Simple & Delicious: Rosemary Fried Almonds

Simple & Delicious: Rosemary Fried Almonds

You know those days when you invite people over for dinner, more about but you also decide to go to the grocery store, misbirth kayak, store deep clean your house, and make a 3-course meal from scratch all in the same day? No? You’re not insane? Well, apparently I am since this is exactly how I spent my Saturday. Rushing from Whole Foods to the beach, then back home to clean and make ceviche, chile-braised short ribs and polenta.

So, when the guests arrived and I started pouring watermelon mojitos, I put out Rosemary Fried Almonds because I didn’t have the time or energy to make anything more complicated, and because they’re delicious. Fried almonds are also called Marcona almonds and are served at Tapas bars far and wide. They usually cost way too much money and are easier to make at home, not to mention more tasty when they’re fresh. They’re a toasty, salty and crunchy snack that goes well with cold cocktails and beer. A simple hors d’oeuvre (can this word be singular? Somebody help me out here…), but a delicious one.

Rosemary Fried Almonds
These will keep in the firgde for about a week.

3 – 4 tbsp. olive oil (eyeball it)
2 cups whole, blanched almonds
2 tbsp. rosemary, finely chopped
1 tbsp. coarse (or kosher) salt

Heat a large skillet over medium high. Once it’s good and hot, heat the olive oil for a minute or two. Add the almonds, rosemary and salt and toss until the almonds begin to brown – about 5 – 7 minutes.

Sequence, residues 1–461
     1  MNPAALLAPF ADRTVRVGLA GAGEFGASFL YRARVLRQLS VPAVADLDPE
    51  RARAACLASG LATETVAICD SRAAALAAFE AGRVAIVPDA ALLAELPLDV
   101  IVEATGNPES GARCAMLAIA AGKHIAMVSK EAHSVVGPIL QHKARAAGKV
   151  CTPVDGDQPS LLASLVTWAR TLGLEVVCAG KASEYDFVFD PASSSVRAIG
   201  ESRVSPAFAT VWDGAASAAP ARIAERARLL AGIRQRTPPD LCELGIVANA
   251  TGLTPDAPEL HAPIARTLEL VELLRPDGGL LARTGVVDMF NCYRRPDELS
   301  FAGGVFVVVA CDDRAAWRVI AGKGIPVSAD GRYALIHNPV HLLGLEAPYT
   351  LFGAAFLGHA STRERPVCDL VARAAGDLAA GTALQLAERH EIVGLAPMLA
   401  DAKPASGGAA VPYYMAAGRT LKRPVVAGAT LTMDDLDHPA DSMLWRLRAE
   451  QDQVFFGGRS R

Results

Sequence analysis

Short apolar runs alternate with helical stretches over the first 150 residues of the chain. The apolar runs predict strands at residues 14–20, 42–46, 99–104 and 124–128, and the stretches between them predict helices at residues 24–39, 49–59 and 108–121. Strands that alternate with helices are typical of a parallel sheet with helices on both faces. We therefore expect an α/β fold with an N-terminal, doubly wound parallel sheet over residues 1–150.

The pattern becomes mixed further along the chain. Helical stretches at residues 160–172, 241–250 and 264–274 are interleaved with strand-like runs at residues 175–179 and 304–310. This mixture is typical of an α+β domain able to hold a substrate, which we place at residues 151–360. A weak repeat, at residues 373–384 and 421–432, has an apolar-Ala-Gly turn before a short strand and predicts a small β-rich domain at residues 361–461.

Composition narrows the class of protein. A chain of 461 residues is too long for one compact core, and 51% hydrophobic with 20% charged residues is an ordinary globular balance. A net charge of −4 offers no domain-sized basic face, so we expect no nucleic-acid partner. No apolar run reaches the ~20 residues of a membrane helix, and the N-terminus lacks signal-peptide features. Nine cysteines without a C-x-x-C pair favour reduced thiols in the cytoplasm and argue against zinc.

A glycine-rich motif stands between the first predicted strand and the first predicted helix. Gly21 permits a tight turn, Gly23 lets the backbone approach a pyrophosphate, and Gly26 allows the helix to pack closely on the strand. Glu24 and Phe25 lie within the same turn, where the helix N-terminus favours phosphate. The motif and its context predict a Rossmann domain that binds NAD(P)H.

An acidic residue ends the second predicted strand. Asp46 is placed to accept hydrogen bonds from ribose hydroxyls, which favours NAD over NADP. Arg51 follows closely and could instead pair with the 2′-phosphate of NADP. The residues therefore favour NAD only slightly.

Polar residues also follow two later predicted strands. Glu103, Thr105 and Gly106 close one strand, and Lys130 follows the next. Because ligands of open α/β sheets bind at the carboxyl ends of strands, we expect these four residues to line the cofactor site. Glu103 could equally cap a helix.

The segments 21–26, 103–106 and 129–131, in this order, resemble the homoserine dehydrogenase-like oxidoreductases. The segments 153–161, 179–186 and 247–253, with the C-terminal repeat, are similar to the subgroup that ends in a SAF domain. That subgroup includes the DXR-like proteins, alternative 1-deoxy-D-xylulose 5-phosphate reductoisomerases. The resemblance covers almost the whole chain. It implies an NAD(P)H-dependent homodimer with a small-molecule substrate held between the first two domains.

Serve immediately.


  1. That looks like a perfect snack to enjoy with a cocktail. My rosemary is growing out of control, so I’ll have to try this asap :)

  2. I’ve got more rosemary growing than I know what to do with! Thanks for the suggestion.

  3. believe me this is a home run when it comes to easy and tasty snacks. Good job once again Mel!

  4. Pingback: Craving: Rosemary Fried Almonds | FOODBEAST - ONLINE FOOD PUBLICATION :: BEEN HUNGRY SINCE '88

  5. This looks so simple and delicious! Can’t wait to try it. Do you think almonds with skins on would work ok? I have a big bag of those already. Thanks for the great recipe!

  6. Lisa – you can definitely do it with skin-on almonds. They just don’t take pretty pictures, so I used the blanched ones :)

  7. thanks Mel! I did make them with the skins on for a Labor Day picnic. They were dee-lish!!!!! Thanks again.

  8. Love this! Been looking for a recipe on how to make these for so long – thanks Mel!

  9. I’ve been making a rosemary spiced almond for a while now, but only 80% happy with the results. They’re a sweet/savory blend with plenty of pepper but the salt doesn’t seem to “stick” very well.

    I’ll have to try these, although my rosemary doesn’t seem to have taken to the -12 we had last week. :(

    Thanks for sharing.

  10. As far as salt sticking, I think the trick is to add the salt as soon as the almonds are removed from the pan, the oil starts to cool on the surface of the almonds and holds the salt.

  11. Found your delicious rosemary almonds showcased at Thibeaults Table, will try these for sure, delicious. Kathy.

  12. Pingback: Rosemary & Olive Oil Almonds | TourAbsurd: Traveling with a light heart!

  13. Just found your site. It’s wonderful. Made these almonds for our Easter – everyone loved them. Couldn’t find marcona almonds, so bought whole raw almonds from Trader Joe’s – blanched and skinned them. Then fried, drained and sprinkled with fleur de sel and scant rosemary. Delicious.


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